Bestselling novelist of The Guernsey Literary and Potato Peel Pie Society and children's book author
Photo credit: Annie Frantzekos
About Annie Barrows
Annie Barrows was born in 1962 in San Diego, California, and moved almost immediately to a small town called San Anselmo in the San Francisco Bay Area. She spent most of her childhood at the library. She wouldn’t leave, so they hired her to shelve books at the age of twelve. Barrows attended UC Berkeley and received a B. A. in medieval history. Under the impression that a career in publishing meant she’d get to read a lot, Barrows became a proofreader at an art magazine and later an editor at a textbook publishing company. In 1988, Chronicle Books hired Barrows, where she rose through the ranks to become a Senior Editor.
After receiving an MFA in Creative Writing from Mills College, Barrows began writing full-time. The first book in her New York Times bestselling children’s series Ivy and Bean was published in 2006 and was an ALA Notable Book for 2007. It was followed by nine others. Her 2008 award-winning children’s novel The Magic Half was described by School Library Journal as “a delightful tale brimming with mystery, magic, and adventure.” The latest novel in the series, Magic in the Mix, was published in fall 2014.
While Barrows was producing her children’s books, her beloved aunt Mary Ann Shaffer, who had also spent her career working with books, had started a first novel about the German occupation of the Channel Island of Guernsey during World War II. However, she fell ill soon after selling the novel to the Dial Press, and, to complete her revisions, she called on her niece Barrows, who saw this “as a unique occasion to help someone I loved.” Sadly, Mary Ann died before seeing her novel published, but the novel itself stands as a moving legacy to her dream. Guernsey has been a publishing phenomenon, resulting in well over three million copies in print in both hardcover and paperback and speaking engagements for Barrows all over the United States. Guernsey was on more than fifteen “best of the year” lists and has now been published in thirty-seven countries.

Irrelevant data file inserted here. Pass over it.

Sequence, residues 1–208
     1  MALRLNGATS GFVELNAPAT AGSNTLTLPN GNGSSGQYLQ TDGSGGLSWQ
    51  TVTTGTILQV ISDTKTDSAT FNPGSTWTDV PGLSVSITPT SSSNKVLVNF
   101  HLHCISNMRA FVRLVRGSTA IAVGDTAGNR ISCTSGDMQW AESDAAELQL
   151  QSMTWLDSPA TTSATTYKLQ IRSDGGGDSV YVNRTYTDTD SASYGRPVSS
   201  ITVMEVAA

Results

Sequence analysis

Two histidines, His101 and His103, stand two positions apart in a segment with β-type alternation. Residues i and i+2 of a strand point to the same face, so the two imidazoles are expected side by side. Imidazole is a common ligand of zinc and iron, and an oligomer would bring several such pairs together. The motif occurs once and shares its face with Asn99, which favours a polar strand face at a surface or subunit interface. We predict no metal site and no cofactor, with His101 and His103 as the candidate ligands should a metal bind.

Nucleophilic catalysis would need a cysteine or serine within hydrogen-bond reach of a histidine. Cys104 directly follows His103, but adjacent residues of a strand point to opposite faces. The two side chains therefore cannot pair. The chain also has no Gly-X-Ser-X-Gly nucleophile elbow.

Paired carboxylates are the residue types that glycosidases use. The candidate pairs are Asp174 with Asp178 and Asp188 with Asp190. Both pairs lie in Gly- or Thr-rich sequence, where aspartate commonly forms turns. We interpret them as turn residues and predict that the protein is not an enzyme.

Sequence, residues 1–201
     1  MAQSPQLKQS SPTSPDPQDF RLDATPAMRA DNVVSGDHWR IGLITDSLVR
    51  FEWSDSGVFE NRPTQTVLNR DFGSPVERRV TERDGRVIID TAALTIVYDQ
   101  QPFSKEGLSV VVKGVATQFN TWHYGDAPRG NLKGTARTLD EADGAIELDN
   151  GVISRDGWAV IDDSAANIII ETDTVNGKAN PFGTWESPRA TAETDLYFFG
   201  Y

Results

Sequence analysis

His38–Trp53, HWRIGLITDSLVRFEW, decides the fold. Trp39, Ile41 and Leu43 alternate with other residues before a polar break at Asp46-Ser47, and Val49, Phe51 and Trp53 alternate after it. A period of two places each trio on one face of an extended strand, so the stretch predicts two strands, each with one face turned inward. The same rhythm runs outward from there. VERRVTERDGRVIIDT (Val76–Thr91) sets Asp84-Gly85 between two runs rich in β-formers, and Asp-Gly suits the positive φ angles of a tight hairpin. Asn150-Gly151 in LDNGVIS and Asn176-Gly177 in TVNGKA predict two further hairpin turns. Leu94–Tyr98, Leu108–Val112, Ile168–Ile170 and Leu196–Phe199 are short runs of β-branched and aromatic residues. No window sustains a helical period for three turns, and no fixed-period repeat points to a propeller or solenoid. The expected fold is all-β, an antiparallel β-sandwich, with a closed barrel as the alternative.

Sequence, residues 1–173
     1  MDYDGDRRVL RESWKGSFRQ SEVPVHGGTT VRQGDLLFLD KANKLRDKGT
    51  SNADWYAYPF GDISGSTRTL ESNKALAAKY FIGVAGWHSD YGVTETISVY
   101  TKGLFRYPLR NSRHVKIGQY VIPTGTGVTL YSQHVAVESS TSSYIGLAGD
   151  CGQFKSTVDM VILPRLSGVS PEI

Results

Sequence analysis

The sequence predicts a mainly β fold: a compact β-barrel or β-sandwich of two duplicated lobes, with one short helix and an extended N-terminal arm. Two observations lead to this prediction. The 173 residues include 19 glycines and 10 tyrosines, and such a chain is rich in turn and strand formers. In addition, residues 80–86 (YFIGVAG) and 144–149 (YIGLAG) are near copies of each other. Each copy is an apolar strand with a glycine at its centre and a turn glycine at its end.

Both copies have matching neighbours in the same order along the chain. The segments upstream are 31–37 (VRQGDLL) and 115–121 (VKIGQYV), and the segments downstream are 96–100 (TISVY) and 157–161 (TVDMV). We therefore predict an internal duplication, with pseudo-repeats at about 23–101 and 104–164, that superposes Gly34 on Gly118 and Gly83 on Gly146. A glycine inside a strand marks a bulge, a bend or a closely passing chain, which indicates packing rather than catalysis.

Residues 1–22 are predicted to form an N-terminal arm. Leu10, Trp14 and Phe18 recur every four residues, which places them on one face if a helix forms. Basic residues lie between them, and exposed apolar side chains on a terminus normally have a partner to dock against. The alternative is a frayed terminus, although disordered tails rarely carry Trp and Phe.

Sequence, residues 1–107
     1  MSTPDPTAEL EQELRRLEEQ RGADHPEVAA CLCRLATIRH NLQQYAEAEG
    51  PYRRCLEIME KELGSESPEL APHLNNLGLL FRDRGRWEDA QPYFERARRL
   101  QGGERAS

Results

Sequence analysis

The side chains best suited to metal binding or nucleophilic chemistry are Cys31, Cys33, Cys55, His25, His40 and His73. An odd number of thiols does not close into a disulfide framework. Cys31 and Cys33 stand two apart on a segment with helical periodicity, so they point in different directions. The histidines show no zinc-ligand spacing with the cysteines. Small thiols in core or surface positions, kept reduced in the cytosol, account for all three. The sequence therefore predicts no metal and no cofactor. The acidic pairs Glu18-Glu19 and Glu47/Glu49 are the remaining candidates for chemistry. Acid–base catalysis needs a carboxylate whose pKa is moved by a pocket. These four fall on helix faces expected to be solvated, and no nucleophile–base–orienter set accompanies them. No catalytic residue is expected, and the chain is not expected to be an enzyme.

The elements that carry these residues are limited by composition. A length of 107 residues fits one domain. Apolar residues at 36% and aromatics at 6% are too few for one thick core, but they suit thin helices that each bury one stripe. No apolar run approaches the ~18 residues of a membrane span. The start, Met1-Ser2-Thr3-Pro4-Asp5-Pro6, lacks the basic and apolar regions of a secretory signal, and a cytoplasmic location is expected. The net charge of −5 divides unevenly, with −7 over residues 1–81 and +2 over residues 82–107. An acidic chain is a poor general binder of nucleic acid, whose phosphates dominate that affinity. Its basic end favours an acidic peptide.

New York Times bestselling author Melanie Benjamin (The Aviator’s Wife) calls Annie’s new novel for adults, The Truth According to Us, “irresistible … a sly charmer of a story about a small town in Depression-era West Virginia whose history is rewritten by a debutante on the run. Family histories, too, are unraveled, but mended by the fierce, strong women who dominate this delightful page turner, a tribute to the power of love and forgiveness to heal even the most heartbreaking betrayals.”
Barrows lives in Northern California with her husband and two daughters.
Praise for Annie Barrows
Annie was fantastic. She was funny and charming. One of our patrons who never misses an author presentation, said she felt she was the best we ever had.— First Regional Library
Praise for The Truth According to Us
There is much to recommend this book: The characters are engaging, the historical details appear thorough and accurate, and there are sufficient conflicts and plot twists to render a compelling story. . . a pleasant summer read.— Roanoke Times
A big, juicy family saga with warm humor and tragic twists, 'Truth' is lively and engaging . . . . the story gets more and more absorbing as it moves briskly along.— St. Louis Post-Dispatch
[A] heartwarming coming-of-age novel . . . Sparkles with folksy depictions of a tight-knit family and life in a small town. . . In a novel full of richly drawn, memorable characters, bright, feisty Willa is the standout. . . Add The Truth According to Us to the stack of repeat-worthy literary pleasures.— Seattle Times
It takes a brave author to make the heroine of a new novel an observant and feisty girl . . . Like Scout Finch in To Kill a Mockingbird . . . Barrows . . . has created a believable and touching character in Willa.— USA Today
Annie Barrows creates a worthy successor to Lee’s beloved Scout Finch….The Truth According to Us has all the characteristics of a great summer read: A plot that makes you want to keep turning the pages; a setting that makes you feel like you’re inhabiting another time and place; and characters who become people you’re sad to leave behind — and thus who always stay with you. As Jottie tells Willa at the beginning of the book, the ‘Macedonian virtues’ are ferocity and devotion. The Truth According to Us is the sort of book that inspires both.— Miami Herald